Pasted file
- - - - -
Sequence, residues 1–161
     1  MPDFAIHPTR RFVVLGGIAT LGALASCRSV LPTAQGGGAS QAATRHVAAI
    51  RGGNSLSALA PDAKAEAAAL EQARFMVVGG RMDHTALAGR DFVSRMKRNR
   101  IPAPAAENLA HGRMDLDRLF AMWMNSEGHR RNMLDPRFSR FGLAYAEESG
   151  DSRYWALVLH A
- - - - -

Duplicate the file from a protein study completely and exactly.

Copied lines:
Sequence, residues 1–161
     1  MPDFAIHPTR RFVVLGGIAT LGALASCRSV LPTAQGGGAS QAATRHVAAI
    51  RGGNSLSALA PDAKAEAAAL EQARFMVVGG RMDHTALAGR DFVSRMKRNR
   101  IPAPAAENLA HGRMDLDRLF AMWMNSEGHR RNMLDPRFSR FGLAYAEESG
   151  DSRYWALVLH A